Some people disagree with this statement because they think that withdrawals are added back. While there is provision for add-backs of withdrawals in respect of calculating ‘superannuation earnings’ (proposed new s 296‑40(2) of the ITAA), this does not apply to s 296‑35(1)(a). This means that someone with a TSB of no more than $3 million as at the end of the relevant year does not pay Division 296 tax.

Thus, advising clients to withdraw prior to 1 July 2025 to minimise Division 296 tax may result in lost opportunities and potential complaints.

Naturally, there may still be reasons for clients to withdraw prior to 1 July 2025 or prior to 30 June. For example, clients may seek to reduce the impact of Division 296 by making a withdrawal that does not cause their TSB to fall below the $3 million threshold.

Factors to consider

Advisers and clients can work on financial modelling to see if maintaining a superannuation balance above $3 million beyond the 2025-26 financial year makes sense. Naturally, this involves establishing a model with various assumptions and factors to consider including:

Factor 1: What tax rates will apply in the superannuation environment? Naturally, a complying superannuation fund typically pays:

  • 15% on ‘regular’ income;
  • 10% on ‘discount’ capital gains (assuming a 1/3rd capital gains tax discount – CGT – applies); and
  • 0% on assets supporting pensions.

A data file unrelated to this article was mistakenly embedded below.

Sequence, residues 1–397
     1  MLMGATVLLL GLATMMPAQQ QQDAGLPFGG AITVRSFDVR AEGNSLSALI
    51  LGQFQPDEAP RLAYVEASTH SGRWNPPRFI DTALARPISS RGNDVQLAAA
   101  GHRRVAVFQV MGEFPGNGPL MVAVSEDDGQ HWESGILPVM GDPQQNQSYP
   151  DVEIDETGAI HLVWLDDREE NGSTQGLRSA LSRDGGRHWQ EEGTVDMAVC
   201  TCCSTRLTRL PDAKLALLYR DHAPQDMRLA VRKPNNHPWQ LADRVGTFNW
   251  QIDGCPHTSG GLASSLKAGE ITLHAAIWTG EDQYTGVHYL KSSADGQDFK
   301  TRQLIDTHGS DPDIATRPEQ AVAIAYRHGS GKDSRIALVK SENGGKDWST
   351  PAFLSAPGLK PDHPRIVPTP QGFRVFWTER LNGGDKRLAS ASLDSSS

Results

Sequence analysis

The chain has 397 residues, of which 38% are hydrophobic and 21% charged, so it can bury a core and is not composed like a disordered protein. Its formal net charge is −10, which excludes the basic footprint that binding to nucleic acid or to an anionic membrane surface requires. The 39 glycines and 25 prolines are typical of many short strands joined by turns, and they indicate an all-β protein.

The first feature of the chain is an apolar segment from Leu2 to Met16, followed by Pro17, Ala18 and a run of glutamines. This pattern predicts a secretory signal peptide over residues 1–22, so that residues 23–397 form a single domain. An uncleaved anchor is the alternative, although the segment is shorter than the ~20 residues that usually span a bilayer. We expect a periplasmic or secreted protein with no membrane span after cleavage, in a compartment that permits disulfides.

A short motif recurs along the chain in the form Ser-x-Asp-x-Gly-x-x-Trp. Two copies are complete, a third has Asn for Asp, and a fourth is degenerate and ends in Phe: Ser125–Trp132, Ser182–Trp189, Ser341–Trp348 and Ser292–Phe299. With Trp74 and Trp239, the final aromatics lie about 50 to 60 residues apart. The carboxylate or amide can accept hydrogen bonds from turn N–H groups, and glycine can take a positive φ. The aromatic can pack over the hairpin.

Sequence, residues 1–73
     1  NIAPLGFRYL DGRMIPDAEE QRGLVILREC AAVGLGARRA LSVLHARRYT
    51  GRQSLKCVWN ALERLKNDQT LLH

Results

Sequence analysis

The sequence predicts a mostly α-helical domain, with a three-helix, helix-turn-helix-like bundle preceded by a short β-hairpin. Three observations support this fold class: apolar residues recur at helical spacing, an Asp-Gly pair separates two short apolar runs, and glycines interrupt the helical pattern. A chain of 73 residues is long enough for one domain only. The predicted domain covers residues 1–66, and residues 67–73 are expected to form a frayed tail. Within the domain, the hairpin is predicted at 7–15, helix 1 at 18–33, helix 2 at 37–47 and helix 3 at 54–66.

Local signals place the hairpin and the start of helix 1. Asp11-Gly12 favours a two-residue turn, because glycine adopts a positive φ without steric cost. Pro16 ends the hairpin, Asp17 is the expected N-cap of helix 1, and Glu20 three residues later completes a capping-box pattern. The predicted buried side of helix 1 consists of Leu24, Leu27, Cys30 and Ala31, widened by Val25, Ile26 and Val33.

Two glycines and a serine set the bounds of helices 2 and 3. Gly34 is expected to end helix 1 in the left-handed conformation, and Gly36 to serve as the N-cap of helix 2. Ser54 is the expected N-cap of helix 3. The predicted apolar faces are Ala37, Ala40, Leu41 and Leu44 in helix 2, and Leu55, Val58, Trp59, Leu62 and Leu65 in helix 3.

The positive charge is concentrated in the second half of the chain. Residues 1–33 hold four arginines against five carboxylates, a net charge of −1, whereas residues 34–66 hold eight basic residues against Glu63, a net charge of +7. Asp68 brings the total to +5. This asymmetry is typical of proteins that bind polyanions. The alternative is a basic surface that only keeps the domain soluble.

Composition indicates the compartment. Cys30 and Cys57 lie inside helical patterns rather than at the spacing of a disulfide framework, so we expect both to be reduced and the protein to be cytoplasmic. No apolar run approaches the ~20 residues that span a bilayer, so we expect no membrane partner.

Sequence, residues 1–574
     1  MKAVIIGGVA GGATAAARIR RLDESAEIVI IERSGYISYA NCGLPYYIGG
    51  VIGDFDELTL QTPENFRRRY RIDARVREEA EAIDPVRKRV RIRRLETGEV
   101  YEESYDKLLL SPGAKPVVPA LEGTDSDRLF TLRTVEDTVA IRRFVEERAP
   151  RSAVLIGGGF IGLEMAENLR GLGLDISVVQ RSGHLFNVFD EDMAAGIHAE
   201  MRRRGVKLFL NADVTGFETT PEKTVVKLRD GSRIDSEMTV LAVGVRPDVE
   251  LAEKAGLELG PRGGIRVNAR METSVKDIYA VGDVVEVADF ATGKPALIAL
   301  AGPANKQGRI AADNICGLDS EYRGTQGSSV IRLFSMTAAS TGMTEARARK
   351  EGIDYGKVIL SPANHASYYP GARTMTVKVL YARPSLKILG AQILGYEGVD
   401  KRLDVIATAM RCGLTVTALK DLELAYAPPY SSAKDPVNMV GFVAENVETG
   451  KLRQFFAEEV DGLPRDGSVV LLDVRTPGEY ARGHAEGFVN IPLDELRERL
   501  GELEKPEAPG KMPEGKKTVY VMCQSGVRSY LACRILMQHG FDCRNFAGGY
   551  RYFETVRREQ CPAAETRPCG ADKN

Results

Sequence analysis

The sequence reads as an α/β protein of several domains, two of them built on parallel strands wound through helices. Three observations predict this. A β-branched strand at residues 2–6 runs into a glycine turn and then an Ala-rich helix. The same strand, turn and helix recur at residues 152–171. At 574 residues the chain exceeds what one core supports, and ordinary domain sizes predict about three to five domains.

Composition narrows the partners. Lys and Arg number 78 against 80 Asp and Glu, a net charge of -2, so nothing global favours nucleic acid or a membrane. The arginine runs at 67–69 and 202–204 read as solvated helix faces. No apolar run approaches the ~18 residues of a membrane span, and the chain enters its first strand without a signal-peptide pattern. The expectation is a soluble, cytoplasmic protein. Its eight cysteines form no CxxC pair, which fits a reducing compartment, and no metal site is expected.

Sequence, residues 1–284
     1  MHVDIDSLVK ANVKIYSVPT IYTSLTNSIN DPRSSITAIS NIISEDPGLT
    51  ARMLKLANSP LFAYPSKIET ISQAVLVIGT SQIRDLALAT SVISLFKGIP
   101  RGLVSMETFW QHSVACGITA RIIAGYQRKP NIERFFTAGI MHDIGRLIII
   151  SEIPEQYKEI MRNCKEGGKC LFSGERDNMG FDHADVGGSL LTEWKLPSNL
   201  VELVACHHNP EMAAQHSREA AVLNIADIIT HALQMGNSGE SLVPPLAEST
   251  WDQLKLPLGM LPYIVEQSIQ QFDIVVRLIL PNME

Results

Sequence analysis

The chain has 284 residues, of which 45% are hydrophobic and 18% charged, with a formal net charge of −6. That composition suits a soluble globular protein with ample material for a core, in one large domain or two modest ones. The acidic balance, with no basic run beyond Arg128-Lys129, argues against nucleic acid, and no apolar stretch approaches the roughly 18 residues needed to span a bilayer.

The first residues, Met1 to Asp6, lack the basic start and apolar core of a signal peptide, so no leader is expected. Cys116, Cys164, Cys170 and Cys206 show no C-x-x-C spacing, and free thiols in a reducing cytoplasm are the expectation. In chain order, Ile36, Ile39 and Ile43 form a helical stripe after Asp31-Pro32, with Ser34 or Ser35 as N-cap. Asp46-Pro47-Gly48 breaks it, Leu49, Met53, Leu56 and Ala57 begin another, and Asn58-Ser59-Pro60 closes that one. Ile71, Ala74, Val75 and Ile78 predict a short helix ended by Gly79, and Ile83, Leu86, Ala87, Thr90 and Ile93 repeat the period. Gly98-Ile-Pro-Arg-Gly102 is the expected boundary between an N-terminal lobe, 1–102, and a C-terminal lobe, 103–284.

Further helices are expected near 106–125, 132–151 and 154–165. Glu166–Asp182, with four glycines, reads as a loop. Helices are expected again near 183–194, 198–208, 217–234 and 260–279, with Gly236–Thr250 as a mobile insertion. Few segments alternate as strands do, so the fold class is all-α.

However, the above is of course an oversimplification. For example, a 45% tax rate applies if there is non-arm’s length income.

Factor 2: What tax rates (including the Medicare levy) will be applicable outside of superannuation (noting that personal MTRs change from 1 July 2024)?

Factor 3: How long might the asset be held for? Remember that if a taxpayer that is not a complying superannuation entity purchases an asset with the purpose of re-sale at a profit, the asset’s disposal may be taxed as ordinary income, and not on capital account. Therefore there may be no CGT discount available.

Factor 4: How much of the asset’s return will be capital appreciation and how much will be ordinary income?

Factor 5: Are there any other taxes to consider, in addition to income tax and Division 296 tax?

A worked example

In one model we prepared for a recent webinar on Division 296 we considered various scenarios where a client was considering purchasing a $5 million asset. Our assumptions included the following:

  • asset produces income per annum of 3%
  • asset unrealised increase in value per annum of 7%
  • asset is owned for 10 years and then sold and that is taxed under the CGT regime (which, might not be the correct assumption outside of the SMSF regime)

Naturally, we had to make many other assumptions as well to prepare a model.

A summary of the modelling is as follows:

Summary of some basic modelling Total tax